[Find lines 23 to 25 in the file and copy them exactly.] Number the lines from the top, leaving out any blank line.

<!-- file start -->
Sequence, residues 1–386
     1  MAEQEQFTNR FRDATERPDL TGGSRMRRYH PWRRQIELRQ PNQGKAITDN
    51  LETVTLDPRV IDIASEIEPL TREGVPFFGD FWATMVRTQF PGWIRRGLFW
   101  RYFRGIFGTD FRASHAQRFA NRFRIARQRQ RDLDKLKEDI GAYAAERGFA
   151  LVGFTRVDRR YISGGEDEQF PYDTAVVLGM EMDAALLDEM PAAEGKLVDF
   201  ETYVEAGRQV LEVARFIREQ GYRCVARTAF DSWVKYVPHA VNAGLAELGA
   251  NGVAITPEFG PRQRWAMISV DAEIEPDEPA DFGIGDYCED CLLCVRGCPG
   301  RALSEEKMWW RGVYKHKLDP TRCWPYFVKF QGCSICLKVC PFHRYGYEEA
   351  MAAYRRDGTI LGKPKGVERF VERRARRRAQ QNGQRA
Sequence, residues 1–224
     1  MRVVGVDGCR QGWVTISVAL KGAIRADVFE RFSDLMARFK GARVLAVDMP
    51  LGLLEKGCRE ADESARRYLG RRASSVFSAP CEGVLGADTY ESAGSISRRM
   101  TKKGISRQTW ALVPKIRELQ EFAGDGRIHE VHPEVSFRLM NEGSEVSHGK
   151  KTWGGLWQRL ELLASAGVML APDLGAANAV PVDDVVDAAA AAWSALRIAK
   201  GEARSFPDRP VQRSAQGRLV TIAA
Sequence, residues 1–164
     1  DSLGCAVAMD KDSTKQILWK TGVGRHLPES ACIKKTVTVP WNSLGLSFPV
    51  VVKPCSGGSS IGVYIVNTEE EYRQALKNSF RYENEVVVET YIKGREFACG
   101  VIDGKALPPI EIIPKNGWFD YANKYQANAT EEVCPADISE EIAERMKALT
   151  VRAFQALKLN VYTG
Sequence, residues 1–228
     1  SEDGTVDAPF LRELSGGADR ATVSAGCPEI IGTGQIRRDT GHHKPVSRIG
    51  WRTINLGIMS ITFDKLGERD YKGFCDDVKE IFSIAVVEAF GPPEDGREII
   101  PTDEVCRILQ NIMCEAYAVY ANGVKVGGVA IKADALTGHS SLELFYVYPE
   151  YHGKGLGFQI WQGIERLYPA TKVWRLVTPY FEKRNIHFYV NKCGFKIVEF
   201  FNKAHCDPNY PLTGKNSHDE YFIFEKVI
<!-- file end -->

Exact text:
    51  WRTINLGIMS ITFDKLGERD YKGFCDDVKE IFSIAVVEAF GPPEDGREII
   101  PTDEVCRILQ NIMCEAYAVY ANGVKVGGVA IKADALTGHS SLELFYVYPE
   151  YHGKGLGFQI WQGIERLYPA TKVWRLVTPY FEKRNIHFYV NKCGFKIVEF